Home Prices Surge, With or Without Distressed Sales

by devteam June 5th, 2013 | Share

According to thernCoreLogic April Home Price Index (HPI) including distressed sales home prices are now up 12.1 percent on an annual basis. In March thernannual increase was 10.5 percent. The April year-over-year changernis the largest increase since February 2006. The HPI which excludesrnshort sales and sales of owned real estate (REO) was up 11.9 percentrnin April 2013 compared to April 2012 It had risen 10.7 percent fromrnMarch to March.</p


On arnmonth-over-month basis the index including distressed sales increasedrn3.2 percent and the index excluding those sales was up 3 percent. This was the 14th straight month that the inclusive indexrnincreased nationally. </p

“Housernprice growth continues to surprise to the upside with an impressivern12.1 percent gain year over year in April,” said Dr. MarkrnFleming, chief economist for CoreLogic. “Increasing demand forrnnew and existing homes, coupled with low inventory, has created arnvirtuous cycle for price gains, most clearly seen in the Westernrnstates with year-over-year gains of 20 percent or more.”</p

Looking ahead,rnCoreLogic’s Pending HPI is predicting that May home prices, includingrndistressed sales will rise 12.5 percent on an annual basis and 2.7rnpercent month-over-month. The Pending HPI excluding distressed salesrnis expected to rise 13.2 percent and 3.1 percent respectively. ThernPending HPI bases its estimates on data from Multiple ListingrnServices.</p

“The pacernof the housing market recovery quickened in April as home prices rosernacross the U.S.,” said Anand Nallathambi, president and CEO ofrnCoreLogic. “For the second consecutive month, all 50 states</bregistered year-over-year home price gains excluding sales ofrndistressed homes. We expect this trend to continue, bolstered byrntight supplies and pent up buyer demand."</p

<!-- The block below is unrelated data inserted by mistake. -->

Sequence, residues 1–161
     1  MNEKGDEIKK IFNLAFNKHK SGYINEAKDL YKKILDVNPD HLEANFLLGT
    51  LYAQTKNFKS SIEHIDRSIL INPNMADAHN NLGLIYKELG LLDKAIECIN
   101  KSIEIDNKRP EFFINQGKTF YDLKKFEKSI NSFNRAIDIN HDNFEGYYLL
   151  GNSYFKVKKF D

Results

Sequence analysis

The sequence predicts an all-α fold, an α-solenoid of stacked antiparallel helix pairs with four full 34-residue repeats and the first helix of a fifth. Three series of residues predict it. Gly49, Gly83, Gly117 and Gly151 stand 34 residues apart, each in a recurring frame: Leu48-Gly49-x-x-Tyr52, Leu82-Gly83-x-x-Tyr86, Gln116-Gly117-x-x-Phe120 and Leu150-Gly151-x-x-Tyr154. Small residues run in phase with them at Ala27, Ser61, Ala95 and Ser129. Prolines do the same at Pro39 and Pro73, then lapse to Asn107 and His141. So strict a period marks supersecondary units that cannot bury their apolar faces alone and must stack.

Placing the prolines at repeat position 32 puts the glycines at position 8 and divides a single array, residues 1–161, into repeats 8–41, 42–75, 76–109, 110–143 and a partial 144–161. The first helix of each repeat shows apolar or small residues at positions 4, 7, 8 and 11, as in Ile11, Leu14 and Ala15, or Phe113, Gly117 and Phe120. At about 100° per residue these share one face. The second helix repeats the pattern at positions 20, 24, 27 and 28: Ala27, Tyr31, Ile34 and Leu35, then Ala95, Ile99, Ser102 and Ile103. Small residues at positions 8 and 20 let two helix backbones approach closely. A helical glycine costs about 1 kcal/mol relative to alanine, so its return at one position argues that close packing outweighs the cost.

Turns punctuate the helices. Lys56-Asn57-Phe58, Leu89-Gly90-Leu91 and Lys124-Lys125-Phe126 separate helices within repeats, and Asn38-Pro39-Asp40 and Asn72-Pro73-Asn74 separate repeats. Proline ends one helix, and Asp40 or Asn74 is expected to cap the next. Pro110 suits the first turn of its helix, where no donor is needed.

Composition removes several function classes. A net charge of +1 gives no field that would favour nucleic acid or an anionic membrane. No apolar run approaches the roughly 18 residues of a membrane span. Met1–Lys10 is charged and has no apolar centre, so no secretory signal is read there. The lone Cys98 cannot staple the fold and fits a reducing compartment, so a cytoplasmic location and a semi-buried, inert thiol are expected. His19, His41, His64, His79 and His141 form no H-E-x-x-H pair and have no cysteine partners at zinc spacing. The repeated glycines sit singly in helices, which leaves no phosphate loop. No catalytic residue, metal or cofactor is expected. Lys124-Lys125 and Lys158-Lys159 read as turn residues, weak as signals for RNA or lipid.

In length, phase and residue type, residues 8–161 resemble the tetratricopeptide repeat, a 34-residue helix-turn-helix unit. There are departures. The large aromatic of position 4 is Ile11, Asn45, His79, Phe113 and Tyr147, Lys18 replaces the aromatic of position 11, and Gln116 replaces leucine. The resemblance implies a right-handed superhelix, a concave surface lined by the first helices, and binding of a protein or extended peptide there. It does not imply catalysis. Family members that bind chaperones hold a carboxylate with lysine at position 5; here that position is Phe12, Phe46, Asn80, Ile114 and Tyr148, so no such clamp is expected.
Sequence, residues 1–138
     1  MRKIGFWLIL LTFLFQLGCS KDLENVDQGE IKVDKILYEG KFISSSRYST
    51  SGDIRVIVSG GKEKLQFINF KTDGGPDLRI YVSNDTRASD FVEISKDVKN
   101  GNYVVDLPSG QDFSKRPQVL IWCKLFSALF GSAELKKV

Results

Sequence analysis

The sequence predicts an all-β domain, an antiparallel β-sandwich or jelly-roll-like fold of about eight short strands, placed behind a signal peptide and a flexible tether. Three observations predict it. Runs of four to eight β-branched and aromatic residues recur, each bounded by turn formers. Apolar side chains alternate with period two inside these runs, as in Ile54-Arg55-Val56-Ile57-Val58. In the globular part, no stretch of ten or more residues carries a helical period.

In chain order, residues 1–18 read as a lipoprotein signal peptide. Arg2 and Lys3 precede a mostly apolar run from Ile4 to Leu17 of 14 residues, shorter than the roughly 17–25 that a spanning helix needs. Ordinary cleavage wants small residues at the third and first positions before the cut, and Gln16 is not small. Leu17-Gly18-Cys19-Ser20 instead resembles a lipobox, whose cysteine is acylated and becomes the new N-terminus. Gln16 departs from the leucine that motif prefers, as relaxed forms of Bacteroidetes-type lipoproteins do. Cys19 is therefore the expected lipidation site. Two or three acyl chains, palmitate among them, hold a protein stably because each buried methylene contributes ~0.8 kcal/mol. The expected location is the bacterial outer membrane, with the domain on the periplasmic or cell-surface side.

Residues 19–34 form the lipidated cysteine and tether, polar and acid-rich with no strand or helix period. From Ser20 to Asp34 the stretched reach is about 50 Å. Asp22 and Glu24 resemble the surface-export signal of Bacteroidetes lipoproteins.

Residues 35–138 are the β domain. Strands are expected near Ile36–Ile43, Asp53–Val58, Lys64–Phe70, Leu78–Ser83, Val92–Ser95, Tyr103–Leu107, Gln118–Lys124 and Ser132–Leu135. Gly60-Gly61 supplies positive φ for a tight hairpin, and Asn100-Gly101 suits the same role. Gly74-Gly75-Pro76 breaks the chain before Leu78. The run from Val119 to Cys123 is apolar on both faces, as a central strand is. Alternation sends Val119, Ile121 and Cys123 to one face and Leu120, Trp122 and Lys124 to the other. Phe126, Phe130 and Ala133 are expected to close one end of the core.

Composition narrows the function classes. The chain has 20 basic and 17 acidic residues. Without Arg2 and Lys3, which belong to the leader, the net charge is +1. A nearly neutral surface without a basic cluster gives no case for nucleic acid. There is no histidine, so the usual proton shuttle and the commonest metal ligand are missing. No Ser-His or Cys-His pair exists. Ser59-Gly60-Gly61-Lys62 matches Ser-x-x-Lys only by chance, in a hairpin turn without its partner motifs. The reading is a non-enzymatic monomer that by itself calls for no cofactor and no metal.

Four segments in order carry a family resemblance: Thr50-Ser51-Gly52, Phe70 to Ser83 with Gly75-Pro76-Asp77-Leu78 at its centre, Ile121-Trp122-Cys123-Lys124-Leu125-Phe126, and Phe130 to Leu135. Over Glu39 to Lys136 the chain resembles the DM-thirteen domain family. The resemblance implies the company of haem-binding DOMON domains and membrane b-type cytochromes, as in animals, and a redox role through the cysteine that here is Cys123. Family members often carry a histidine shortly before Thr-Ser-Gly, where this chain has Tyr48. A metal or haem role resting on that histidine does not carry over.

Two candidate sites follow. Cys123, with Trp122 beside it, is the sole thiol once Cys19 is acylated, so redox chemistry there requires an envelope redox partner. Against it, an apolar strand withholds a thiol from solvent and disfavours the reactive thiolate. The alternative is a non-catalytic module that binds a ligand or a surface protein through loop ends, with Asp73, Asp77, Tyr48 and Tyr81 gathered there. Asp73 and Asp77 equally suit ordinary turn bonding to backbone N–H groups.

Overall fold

The five states</bwith the highest annual price appreciation excluding distressed salesrnwere Nevada (+24.6 percent), California (+19.4 percent), Arizonarn(+17.3 percent), Hawaii (+17 percent) and Oregon (+15.5 percent). Excluding distressed sales, the leaders were Nevada (+22.6 percent),rnCalifornia (+18.3 percent), Idaho (+16.4 percent), Arizona (+15.3rnpercent) and Washington (+13.9 percent.)</p

Two states lostrnground on the overall index, Mississippi’s prices were down 1.7rnpercent and Alabama’s 1.6 percent. There were not states with pricerndeclines when distressed sales were excluded. </p


Includingrndistressed transactions, the peak-to-current change in the nationalrnHPI (from April 2006 to April 2013) was -22.4 percent. Excludingrndistressed transactions, the peak-to-current change in the HPI forrnthe same period was -16.3 percent.

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About the Author


Steven A Feinberg (@CPAsteve) of Appletree Business Services LLC, is a PASBA member accountant located in Londonderry, New Hampshire.

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